Day to day, the Franks and Van Daans maintain their optimism and a semblance of routine. Mrs. van Daan (Karen Brundage) stays attached to a fur coat until her husband tears it from her grasp, reasoning, “You can’t hold onto it when people are in such desperate need of warm clothes.”

In her bedroom or the main annex, Anne continues journaling in quiet pursuit of her desire to be a writer. When one of the adults wonders aloud how someone so young could have anything to say, her sister, Margo (Natasha Schlaffer), retorts, “Just because someone is young doesn’t mean they don’t have anything to write about.”

Yet even in this sanctuary, the nightmares of war seep through. When a dentist named Dussell (Larry Shilkoff) arrives to live with the Franks, he tells of whole families vanishing “like clockwork. Every Tuesday, the train leaves for the east.”

These nightmares wake Anne in the middle of the night. “We’re all having nightmares,” Otto consoles, “only you’re letting them out.” Here Rodriguez relates the anxiety of an active imagination, caged, waiting for freedom to return. “I want to be a better person. But not if it means shutting myself off, hiding how I feel. I want to go on living even after my death.”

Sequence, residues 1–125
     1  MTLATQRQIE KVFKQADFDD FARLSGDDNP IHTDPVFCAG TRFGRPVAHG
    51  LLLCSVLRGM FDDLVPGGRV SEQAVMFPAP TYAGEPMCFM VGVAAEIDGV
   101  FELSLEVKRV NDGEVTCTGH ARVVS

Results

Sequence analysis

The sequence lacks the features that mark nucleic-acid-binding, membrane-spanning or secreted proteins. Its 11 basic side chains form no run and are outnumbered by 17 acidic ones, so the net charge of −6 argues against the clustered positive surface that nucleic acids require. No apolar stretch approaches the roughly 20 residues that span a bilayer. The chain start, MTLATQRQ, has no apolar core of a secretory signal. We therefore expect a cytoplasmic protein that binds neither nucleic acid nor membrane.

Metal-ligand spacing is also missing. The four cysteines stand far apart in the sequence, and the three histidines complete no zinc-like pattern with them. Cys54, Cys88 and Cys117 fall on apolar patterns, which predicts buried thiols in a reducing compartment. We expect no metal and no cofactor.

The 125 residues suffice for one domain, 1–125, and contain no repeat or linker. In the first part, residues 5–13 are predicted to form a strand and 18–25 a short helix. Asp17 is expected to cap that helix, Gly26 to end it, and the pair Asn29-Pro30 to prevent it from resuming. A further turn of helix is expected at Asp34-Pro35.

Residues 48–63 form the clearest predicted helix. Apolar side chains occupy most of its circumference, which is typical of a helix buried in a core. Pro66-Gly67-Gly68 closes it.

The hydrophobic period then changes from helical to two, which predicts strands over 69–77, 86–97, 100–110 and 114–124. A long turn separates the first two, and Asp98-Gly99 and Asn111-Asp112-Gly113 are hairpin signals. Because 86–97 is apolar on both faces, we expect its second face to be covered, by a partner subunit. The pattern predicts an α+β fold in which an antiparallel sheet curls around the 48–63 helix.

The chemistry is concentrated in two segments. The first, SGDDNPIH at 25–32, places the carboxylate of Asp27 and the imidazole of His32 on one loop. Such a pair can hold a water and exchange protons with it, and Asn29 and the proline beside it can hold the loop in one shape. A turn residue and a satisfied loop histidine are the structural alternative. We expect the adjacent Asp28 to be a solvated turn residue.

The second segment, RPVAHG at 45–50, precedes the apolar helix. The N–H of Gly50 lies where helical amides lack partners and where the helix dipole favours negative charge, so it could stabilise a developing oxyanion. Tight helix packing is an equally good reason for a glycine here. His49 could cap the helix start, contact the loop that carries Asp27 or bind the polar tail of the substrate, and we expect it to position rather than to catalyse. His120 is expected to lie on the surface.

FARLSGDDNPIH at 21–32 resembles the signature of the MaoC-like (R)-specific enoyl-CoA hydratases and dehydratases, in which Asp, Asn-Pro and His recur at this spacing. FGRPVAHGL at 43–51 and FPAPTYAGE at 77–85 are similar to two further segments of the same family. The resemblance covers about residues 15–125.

And through her diary, in a little playhouse tucked among the oaks and olive trees, Anne’s story lives on.

The Diary of Anne Frank through Sept. 20 at Conejo Players, 351 S. Moorpark Road, Thousand Oaks, 495-3715 or www.conejoplayers.org.









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  1. Spiritual Bodies: Photography by Carlton Wilkinson

    January 10 @ 8:00 am - February 29 @ 8:00 pm
  2. History Lecture Series: Accommodation and Resistance

    January 14 @ 7:00 pm - March 10 @ 7:00 pm
  3. Meleko Mokgosi: Acts of Resistance

    January 22 @ 10:00 am - April 9 @ 4:00 pm

    February 17 @ 10:00 am - 3:00 pm
  5. Valentina: A performance by Ballet Nepantla

    February 17 @ 7:00 pm
  6. Harold Stoner Clark Lectures

    February 18 @ 4:00 pm
  7. The Death of Civility: On the Birth of Interreligious Rituals of Resistance

    February 19 @ 6:30 pm
  8. The NPR Politics Podcast Live: The Road to 2020

    February 19 @ 7:30 pm
  9. Artist’s Reception at Third Friday Event

    February 21 @ 5:30 pm - 7:30 pm
  10. 2nd Annual FCancer Race

    February 22 @ 8:00 am - 11:00 am